Local government officials in Danville, Virginia, are partnering with Caesars Entertainment to build a casino resort in the city. But residents in opposition to gambling have unified to make their voices heard.
Anti-casino yard signs are popping up throughout Danville, Virginia. (Image: WSET)
The group called “Protecting People” is a coalition of anti-gambling advocates who are warning Danville citizens on the alleged societal harms a casino would bring to the city. The campaign is handing out political yard signs that read “CasiNO.”
Protecting People was established for the express purpose of presenting a counterpoint to the seemingly glamorous appeal made by the gaming industry espousing the greatness of placing a casino in Danville,” the group’s mission statement reads.
On November 3, Danville voters will be asked via a ballot referendum whether they support allowing one casino license to be issued in the city. If a simple majority says yes, Caesars will be cleared to proceed with its project plans on the site of the former Dan River textile complex.
Protecting People organizer Brett Tooley says he’ll be voting no.
“People keep saying this is our last hope, this is Danville’s only hope. That’s not true. I believe we can get some new jobs in here without the casino,” Tooley told ABC News 13.
Voters in five cities in the Commonwealth will be asked during the election if they support allowing a casino in their hometown. Along with Danville, the qualifying cities are Norfolk, Richmond, Portsmouth, and Bristol.
Opposition groups to the ballot referendums have raised religious concerns.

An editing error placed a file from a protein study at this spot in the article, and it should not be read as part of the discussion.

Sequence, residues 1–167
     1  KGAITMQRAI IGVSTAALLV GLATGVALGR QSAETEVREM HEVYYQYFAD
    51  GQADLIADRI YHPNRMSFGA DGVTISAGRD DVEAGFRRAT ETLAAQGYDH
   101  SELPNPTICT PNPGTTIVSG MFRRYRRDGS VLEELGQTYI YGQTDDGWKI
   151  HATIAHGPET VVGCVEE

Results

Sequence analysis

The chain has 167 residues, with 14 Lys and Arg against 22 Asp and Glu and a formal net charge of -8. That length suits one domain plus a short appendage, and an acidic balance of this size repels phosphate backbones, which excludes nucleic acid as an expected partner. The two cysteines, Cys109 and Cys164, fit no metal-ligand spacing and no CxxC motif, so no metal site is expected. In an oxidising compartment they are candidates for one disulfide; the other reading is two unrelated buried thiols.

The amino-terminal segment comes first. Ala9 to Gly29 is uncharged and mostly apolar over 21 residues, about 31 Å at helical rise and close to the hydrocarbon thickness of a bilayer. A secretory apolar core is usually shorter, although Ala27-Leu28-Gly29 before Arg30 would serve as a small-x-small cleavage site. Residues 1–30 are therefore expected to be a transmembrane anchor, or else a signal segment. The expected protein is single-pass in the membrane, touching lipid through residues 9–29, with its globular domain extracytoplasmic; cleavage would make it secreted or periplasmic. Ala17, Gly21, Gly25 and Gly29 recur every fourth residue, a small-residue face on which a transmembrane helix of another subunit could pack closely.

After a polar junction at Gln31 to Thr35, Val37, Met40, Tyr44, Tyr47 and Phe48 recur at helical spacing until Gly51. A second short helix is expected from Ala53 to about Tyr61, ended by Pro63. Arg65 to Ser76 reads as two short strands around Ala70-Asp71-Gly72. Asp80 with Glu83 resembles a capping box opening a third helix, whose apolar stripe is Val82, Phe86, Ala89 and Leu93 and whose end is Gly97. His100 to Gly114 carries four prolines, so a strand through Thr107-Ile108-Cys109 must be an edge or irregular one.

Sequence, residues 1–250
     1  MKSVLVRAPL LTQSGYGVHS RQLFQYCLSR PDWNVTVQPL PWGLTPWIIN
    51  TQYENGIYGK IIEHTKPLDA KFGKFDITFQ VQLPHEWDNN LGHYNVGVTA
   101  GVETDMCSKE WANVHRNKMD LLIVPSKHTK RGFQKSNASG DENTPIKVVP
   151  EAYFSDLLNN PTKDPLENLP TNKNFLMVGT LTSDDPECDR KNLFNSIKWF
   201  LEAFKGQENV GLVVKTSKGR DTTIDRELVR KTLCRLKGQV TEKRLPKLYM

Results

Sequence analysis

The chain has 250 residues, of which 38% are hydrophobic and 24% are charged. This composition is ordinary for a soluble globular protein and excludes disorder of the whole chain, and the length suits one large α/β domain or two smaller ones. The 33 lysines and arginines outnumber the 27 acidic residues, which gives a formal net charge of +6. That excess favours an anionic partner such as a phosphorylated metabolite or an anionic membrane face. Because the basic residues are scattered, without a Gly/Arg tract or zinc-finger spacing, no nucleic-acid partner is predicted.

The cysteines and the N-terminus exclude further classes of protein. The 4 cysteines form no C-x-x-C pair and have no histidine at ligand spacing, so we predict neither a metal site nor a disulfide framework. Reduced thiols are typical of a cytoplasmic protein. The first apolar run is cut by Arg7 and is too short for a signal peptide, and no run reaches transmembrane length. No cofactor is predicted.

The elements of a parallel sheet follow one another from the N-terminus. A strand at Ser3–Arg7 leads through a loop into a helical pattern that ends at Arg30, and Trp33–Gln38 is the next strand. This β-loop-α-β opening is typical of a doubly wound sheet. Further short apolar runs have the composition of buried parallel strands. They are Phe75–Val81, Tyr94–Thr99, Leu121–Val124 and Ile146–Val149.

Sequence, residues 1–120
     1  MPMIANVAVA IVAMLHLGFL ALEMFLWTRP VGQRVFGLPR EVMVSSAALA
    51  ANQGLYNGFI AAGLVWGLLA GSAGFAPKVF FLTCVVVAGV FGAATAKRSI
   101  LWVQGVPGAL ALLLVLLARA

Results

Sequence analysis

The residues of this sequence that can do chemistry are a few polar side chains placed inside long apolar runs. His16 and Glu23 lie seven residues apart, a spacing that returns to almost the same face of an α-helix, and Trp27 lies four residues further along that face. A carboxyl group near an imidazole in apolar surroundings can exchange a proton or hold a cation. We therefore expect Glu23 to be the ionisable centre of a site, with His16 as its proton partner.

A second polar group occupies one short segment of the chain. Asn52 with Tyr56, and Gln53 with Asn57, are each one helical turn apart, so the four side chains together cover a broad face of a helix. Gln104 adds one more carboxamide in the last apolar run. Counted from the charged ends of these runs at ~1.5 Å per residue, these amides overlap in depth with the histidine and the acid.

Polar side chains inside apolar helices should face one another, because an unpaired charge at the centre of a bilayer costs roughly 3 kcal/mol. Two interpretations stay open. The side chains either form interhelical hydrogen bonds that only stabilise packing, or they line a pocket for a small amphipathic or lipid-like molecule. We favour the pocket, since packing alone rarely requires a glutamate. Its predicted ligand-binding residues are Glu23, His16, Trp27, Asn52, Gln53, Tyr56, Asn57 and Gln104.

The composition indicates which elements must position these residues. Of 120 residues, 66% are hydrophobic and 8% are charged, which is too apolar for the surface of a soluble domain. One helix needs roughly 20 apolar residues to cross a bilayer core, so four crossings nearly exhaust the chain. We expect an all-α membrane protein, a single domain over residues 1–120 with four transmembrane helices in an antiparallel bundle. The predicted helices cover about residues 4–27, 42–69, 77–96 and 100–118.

Protecting People argues that the love of money is in opposition to the Bible. The group’s website has a column written by Russell Moore, who is the president of the Ethics and Religious Liberty Commissions of the Southern Baptist Convention. Moore opines that “gambling is a form of economic predation.”
“Most of the ‘market’ for gambling comes from those in despair, seeking meaning and a future. The most important thing a church can do to undercut the local casino is to preach the gospel,” Moore declared.
In Bristol, four churches have formed a coalition to oppose a potential casino resort. The Churches of Christ sent a publication titled “Gambling: The Love of Money” to area residents. The pamphlet also states that the love of money goes against the teachings of the Bible.
Caesars Counters Talking Points
In Moore’s article on the Protecting People website, he argues that casinos help only those who own the gaming property.
“Gambling grinds the faces of the poor into the ground. It benefits multinational corporations while oppressing the lower classes with illusory promises of wealth, and with (typically) low-wage, transitory jobs that simultaneously destroy every other economic engine of a local community,” Moore opines.
Caesars says nonsense. The casino giant states that the $400 million property would generate 1,300 permanent jobs, with a minimum hourly wage of $15. According to 2019 data from the US Census Bureau, 25.6 percent of all Danville residents were living in poverty, and the per capita income was just $22,200. That’s roughly $11.28 per hour.
Under Caesars’ operating contract with the city, the casino would pay Danville a minimum of $5 million annually in gaming revenue taxes. The resort would also be expected to pay north of $4 million each year in property, hotel, and sales taxes.
Danville officials say the tax money would be set aside for education, law enforcement, and marketing Danville as a new tourism destination.
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